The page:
Local TV Stations

Why Do You Pay for Free TV Stations?

Local TV Stations

Retransmission consent, or local TV station fees, are the payments that providers such as Frontier pay in order to include the stations in your lineup.

  • Retransmission Consent is a provision of the 1992 Cable Act that requires TV providers to obtain permission, or "consent," from each of the stations in order to carry it.
  • This law states that all TV providers must negotiate a fee arrangement with station owners who opt for retransmission consent in order to carry a local broadcast station.
  • This law was written at a time when TV viewing choices were limited, and the internet was in its infancy.
  • When TV providers don’t meet their demands for hefty retransmission fees, station owners threaten viewers with blackouts.



Retransmission Fees Are Expected to Increase Dramatically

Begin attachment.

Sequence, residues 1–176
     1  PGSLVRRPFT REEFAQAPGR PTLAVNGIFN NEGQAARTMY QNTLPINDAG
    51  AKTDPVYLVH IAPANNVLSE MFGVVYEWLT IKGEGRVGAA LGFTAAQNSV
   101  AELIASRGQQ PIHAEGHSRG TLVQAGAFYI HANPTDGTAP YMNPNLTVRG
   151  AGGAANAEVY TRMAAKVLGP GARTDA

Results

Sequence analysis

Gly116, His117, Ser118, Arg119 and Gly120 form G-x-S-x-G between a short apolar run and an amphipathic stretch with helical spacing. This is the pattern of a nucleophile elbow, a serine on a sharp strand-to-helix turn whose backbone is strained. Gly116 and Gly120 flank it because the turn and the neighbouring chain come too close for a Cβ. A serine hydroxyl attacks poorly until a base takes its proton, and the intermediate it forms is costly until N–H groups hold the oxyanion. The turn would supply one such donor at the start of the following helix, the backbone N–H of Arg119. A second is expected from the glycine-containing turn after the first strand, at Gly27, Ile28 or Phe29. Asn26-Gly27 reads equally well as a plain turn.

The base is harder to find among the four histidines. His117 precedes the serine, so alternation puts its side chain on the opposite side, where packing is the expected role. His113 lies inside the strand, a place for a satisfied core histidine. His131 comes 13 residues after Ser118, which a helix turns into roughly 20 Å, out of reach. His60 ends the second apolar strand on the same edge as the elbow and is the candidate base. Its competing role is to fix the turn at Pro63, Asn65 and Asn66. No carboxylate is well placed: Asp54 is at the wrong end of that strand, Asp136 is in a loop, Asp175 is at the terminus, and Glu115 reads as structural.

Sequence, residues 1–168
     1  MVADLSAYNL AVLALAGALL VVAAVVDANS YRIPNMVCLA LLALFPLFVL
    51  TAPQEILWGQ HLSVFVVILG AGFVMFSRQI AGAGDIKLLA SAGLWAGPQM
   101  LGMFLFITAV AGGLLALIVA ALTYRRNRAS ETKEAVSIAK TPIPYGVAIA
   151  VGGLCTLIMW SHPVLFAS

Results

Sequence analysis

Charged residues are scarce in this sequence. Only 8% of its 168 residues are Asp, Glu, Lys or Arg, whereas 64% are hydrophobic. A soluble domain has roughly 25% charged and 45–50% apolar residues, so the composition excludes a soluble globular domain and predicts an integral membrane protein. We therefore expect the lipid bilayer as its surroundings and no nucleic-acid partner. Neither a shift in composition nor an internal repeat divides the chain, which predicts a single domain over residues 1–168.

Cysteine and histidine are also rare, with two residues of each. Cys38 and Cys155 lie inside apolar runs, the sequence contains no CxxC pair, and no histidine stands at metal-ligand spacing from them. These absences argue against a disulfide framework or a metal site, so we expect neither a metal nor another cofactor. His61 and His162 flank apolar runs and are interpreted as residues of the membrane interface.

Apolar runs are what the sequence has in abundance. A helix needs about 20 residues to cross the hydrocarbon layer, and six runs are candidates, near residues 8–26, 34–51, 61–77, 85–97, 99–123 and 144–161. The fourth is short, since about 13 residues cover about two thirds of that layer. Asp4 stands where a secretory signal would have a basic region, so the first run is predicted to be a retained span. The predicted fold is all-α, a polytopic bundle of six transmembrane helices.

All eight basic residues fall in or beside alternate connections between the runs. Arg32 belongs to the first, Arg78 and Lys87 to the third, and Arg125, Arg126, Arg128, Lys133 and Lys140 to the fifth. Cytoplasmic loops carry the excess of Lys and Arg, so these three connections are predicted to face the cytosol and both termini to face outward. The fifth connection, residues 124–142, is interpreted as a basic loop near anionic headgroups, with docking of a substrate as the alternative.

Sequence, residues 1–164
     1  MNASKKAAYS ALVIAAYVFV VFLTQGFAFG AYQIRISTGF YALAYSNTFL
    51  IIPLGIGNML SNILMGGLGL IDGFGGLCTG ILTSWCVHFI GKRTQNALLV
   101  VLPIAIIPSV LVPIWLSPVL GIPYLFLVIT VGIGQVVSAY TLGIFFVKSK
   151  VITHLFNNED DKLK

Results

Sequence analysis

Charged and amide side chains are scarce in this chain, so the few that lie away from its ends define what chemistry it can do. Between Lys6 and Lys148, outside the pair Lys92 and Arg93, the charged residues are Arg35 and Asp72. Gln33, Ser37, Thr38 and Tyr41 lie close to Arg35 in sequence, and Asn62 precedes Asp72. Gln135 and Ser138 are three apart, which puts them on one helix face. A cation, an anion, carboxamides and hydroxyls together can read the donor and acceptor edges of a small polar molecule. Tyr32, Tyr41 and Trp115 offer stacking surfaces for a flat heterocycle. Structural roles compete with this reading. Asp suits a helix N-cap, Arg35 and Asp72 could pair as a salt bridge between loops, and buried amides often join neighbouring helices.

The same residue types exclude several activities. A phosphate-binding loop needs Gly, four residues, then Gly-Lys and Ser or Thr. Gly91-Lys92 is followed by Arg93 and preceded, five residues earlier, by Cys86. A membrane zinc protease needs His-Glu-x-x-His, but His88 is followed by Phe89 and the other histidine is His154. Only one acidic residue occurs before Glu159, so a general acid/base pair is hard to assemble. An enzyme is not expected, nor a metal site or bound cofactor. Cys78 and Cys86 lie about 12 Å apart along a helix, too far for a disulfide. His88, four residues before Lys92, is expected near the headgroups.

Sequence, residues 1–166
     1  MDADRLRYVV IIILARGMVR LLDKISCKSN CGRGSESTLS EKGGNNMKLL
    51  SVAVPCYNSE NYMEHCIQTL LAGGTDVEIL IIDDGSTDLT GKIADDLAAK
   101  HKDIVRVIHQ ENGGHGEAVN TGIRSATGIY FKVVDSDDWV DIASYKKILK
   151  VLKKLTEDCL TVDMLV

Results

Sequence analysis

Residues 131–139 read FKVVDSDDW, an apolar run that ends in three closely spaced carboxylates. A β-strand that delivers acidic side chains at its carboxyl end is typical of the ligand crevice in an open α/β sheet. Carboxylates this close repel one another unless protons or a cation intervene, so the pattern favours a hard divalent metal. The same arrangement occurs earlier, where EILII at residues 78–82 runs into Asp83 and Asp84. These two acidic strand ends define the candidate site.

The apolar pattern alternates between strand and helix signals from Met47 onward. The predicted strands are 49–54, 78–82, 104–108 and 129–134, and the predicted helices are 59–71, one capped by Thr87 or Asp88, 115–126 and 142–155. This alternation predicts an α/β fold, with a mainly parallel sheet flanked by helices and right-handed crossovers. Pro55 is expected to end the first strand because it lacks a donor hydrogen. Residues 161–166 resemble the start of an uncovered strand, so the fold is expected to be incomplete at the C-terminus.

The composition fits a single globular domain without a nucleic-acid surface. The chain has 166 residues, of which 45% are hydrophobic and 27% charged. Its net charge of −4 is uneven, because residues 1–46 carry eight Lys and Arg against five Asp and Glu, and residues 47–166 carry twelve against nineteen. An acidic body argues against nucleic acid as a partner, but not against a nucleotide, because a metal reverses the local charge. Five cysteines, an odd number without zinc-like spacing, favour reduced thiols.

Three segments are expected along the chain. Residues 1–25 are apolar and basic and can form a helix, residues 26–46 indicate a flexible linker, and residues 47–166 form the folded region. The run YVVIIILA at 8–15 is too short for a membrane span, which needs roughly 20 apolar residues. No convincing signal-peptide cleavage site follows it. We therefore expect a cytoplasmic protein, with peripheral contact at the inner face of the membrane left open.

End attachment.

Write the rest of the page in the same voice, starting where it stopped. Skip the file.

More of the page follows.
TV stations are demanding ever-increasing fees – which result in higher prices for you. To help you better understand the amount you pay each month for local TV stations, we have broken them out as a “Broadcast Station Fee” on your bill. According to industry analyst SNL Kagan, these “retransmission fees” have skyrocketed from $200 million in 2006 to $10.2 billion in 2018.

How Disputes Happen

How TV Providers Support Local TV Stations

TV stations use the public's airwaves, which they get at NO cost. A station’s signal gets weaker with distance and obstacles; carrying TV stations on our lineup makes up for this poor reception, thereby expanding the station’s reach to more homes and increasing their ad revenue. About 90% of TV households receive TV stations via TV service providers like Frontier – and yet station owners still force us to pay retransmission fees.